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What is Zen – Taoism .net

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What is Zen?

by Derek Lin

"Zen" is the Japanese pronunciation of the Chinese character "chan," which is in turn the Chinese translation from the Indian Sanskrit term "dhyana," which means meditation.

Zen, like Tao, cannot be totally explained in words. Much of your grasp of Zen must necessarily depend on your own intuition. Bodhidharma (528 A.D.) had this to say about it:

Not dependent on the written word, Transmission apart from the scriptures; Directly pointing at ones heart, Seeing ones nature, becoming Buddha.

Given thats the case, the closest we can come to describing Zen in words may be as follows:

Paradox is a part of Zen and the teaching of Zen. A paradox nudges your mind into a direction other than the routine. It helps you disengage the rational mind and free up the intuition. It also points to a truth that cannot be rationally derived through the use of logic. Therefore:

It's easy for some to dismiss Zen as a bunch of mumbo-jumbo, devoid of real meaning. These would be the people who aren't yet ready to move up to this particular level of spiritual development. That's alright. Such things should not and indeed cannot be rushed. Michael Valentine Smith, the main character from Stranger in a Strange Land, would say that one must "wait for fullness" and that "waiting is."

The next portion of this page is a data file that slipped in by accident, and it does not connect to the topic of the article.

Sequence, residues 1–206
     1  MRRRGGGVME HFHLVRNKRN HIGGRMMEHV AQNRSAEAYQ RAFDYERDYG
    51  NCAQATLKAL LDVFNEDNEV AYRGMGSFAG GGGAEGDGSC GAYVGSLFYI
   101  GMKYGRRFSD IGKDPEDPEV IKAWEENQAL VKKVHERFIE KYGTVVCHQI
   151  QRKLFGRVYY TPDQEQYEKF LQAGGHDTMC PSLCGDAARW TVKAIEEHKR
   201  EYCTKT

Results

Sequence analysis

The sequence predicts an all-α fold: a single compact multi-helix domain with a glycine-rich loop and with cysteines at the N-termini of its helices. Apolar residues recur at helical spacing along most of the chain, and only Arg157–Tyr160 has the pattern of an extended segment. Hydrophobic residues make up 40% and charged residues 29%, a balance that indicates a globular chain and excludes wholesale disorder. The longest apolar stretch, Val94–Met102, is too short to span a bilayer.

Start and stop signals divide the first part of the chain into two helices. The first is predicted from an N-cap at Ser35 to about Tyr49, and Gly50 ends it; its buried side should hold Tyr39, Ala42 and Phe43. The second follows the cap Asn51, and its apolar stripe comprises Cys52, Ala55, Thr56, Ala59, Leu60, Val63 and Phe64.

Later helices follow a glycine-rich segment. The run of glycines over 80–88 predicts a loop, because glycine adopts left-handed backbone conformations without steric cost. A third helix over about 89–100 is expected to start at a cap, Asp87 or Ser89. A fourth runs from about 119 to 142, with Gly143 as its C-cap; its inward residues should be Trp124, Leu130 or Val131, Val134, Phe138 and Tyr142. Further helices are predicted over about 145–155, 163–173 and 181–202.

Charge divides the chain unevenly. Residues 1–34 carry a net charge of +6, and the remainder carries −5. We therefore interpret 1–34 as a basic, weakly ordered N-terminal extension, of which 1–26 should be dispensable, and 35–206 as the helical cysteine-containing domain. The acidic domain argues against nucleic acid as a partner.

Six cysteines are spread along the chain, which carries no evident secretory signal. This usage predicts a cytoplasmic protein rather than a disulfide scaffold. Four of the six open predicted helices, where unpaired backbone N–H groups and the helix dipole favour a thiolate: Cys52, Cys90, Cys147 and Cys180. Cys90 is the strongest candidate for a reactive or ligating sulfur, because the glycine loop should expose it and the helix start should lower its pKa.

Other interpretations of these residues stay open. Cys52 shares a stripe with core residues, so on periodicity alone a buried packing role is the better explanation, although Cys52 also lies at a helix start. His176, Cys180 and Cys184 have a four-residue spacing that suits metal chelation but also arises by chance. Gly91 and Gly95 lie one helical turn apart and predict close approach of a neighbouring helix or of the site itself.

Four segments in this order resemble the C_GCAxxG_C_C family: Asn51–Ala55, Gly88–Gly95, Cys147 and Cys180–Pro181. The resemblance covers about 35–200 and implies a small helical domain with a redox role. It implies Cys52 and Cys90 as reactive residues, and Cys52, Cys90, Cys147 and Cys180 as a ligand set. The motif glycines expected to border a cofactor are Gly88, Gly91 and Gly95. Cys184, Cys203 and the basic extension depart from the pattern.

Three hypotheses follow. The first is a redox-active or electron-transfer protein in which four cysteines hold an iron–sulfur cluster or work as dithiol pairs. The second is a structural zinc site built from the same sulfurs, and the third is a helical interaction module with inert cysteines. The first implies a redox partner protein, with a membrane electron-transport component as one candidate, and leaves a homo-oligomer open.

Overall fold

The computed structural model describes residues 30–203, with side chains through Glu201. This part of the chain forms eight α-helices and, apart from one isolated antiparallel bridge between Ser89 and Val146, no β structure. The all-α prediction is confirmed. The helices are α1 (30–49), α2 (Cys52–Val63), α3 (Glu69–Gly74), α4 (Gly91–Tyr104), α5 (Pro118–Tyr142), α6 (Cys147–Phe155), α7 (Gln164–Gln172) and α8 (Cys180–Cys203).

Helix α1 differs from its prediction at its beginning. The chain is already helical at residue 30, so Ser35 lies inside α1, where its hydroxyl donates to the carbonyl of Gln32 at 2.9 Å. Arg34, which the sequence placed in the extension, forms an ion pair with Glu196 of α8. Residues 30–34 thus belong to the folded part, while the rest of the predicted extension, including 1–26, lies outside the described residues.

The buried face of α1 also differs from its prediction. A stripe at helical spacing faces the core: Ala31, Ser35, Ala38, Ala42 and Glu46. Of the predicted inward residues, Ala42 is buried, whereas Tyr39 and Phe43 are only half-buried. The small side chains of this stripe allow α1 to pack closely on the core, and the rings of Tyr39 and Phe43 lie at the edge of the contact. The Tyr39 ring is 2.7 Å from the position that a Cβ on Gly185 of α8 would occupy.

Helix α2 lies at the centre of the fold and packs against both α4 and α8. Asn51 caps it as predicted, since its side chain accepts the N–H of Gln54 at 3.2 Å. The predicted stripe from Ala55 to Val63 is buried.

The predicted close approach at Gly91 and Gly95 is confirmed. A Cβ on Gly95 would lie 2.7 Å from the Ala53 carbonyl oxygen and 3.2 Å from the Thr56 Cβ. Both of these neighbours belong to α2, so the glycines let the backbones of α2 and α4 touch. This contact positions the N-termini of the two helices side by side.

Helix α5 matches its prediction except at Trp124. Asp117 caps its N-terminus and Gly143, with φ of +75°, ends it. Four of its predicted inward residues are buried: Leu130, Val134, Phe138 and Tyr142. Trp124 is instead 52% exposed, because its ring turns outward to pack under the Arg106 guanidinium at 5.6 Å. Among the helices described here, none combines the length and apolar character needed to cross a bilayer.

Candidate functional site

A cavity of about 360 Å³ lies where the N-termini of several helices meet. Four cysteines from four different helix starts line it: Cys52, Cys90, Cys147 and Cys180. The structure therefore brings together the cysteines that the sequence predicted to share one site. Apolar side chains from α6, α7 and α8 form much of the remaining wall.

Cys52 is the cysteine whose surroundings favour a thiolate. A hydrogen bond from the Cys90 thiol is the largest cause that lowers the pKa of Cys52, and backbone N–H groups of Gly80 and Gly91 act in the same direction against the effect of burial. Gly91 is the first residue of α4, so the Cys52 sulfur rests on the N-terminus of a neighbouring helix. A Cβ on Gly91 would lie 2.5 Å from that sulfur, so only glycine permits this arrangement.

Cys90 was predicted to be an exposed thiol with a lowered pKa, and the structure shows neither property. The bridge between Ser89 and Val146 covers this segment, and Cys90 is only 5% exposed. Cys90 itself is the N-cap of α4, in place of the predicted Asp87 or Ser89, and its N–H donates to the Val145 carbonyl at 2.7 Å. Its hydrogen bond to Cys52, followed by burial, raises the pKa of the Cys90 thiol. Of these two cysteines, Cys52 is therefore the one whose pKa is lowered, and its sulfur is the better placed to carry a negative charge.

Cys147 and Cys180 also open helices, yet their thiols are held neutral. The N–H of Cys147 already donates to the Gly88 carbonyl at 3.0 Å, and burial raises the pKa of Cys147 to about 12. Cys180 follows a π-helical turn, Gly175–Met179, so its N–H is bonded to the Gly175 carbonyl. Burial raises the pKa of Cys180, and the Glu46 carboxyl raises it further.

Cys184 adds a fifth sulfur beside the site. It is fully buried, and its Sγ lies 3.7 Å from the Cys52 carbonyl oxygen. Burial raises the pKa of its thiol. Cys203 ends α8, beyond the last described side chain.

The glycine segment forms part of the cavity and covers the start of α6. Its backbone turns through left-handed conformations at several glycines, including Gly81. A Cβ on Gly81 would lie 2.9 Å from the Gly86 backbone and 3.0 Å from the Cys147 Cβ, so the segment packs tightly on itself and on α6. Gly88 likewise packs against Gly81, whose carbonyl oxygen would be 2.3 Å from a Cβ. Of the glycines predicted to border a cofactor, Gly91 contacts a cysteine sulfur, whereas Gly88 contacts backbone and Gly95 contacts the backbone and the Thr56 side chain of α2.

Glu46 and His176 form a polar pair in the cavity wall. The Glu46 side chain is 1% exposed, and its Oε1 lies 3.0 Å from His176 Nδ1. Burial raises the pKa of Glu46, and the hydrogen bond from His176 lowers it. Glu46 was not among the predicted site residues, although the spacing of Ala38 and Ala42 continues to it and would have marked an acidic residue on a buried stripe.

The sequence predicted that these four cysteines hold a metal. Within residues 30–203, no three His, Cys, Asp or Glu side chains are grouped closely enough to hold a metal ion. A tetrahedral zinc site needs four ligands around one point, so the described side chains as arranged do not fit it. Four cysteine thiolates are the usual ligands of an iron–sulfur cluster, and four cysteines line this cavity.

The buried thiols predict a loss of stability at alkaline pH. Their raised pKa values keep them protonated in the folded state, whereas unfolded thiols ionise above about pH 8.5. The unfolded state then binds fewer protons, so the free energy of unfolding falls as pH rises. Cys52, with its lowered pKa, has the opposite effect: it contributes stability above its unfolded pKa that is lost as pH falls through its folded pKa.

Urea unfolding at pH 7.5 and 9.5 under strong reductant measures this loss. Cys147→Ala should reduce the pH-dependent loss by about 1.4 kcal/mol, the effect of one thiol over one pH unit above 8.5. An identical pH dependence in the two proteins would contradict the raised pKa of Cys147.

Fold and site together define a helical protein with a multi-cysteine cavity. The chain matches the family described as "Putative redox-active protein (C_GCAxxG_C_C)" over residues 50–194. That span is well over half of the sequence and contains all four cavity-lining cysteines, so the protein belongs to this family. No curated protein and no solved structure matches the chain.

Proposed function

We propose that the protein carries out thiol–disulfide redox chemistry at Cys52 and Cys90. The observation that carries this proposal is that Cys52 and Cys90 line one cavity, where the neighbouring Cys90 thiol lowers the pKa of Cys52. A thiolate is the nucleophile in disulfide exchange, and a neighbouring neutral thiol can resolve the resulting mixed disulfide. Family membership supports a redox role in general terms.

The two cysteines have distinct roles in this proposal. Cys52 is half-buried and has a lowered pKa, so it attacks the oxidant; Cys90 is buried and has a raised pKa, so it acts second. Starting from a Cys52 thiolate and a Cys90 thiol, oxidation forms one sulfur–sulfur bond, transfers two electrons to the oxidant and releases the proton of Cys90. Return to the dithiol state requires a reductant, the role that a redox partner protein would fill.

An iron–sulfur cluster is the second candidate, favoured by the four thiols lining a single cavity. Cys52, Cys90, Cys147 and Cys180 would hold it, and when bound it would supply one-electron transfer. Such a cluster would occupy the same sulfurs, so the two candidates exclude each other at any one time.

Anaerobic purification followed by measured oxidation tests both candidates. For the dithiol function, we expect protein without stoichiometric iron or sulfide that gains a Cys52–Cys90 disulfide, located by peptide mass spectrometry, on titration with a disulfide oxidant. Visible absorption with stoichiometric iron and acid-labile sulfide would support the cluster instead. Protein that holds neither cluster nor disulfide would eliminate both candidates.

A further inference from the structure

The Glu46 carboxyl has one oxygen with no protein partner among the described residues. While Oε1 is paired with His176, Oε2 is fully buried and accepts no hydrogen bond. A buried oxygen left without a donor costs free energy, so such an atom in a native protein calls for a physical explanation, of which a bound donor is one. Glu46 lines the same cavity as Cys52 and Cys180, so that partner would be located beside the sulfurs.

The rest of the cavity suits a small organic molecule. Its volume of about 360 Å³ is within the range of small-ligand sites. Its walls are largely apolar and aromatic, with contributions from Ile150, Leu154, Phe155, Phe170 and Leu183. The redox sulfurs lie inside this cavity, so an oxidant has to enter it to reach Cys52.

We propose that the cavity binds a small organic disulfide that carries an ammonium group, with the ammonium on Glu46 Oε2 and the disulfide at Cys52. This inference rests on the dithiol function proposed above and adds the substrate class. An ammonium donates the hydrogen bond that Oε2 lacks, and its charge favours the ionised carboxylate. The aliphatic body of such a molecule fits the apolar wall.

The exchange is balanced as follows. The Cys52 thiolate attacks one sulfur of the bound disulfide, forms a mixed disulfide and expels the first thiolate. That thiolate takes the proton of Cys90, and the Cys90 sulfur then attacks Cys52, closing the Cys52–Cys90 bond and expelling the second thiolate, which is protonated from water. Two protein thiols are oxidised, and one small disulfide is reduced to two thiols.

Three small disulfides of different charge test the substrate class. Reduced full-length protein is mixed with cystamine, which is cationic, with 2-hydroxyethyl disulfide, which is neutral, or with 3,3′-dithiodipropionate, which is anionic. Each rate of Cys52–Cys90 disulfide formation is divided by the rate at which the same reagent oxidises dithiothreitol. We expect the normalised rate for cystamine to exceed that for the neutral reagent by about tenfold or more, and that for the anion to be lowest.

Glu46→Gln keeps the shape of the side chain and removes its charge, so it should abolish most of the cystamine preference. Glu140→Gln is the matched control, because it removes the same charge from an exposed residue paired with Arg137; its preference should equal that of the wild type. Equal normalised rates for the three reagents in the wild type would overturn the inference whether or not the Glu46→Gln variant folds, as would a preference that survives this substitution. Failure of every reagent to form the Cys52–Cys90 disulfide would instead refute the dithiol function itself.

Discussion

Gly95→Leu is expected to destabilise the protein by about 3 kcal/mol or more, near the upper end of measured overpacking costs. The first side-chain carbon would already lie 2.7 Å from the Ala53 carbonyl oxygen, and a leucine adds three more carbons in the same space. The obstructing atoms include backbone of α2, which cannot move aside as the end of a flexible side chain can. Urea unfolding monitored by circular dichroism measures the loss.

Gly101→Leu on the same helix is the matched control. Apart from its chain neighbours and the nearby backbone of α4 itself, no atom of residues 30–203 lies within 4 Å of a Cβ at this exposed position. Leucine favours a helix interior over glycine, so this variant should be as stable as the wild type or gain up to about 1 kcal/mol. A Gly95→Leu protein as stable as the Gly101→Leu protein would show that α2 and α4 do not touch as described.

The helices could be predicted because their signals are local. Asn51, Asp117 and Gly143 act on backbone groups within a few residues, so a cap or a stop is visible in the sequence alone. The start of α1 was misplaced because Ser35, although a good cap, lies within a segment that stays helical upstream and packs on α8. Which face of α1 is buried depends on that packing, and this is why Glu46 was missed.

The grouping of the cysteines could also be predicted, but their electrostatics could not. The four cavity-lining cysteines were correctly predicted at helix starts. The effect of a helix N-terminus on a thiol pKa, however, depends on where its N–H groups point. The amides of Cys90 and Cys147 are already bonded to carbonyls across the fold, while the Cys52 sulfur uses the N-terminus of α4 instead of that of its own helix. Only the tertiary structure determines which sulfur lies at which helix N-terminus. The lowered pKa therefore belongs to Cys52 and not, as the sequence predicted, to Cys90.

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May 30th, 2015 at 1:42 pm

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Zen Bins Drop Test – Video

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Zen Bins Drop Test
Drop test in slow motion of our prototype Collectible Dice Game Stackable Storage Solution. We can adjust the tightness of these as much as we want but the trick is to keep them so they are...

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Avengers: Age of Ultron Zen Pinball 2 – The SEO Friendly VGVS – VideoGamer – Video

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Avengers: Age of Ultron Zen Pinball 2 - The SEO Friendly VGVS - VideoGamer
Marvel's Avengers: Age of Ultron is a film, right, and they made this pinball table out of it, right, and we had an office tournament, and everyone complained about cheating. Join The VideoGamer...